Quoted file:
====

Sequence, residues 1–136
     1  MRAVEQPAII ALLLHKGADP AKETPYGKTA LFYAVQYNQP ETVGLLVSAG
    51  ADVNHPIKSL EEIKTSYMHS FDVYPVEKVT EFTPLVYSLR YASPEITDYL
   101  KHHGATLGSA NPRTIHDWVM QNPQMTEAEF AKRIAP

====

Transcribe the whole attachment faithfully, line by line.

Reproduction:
Sequence, residues 1–136
     1  MRAVEQPAII ALLLHKGADP AKETPYGKTA LFYAVQYNQP ETVGLLVSAG
    51  ADVNHPIKSL EEIKTSYMHS FDVYPVEKVT EFTPLVYSLR YASPEITDYL
   101  KHHGATLGSA NPRTIHDWVM QNPQMTEAEF AKRIAP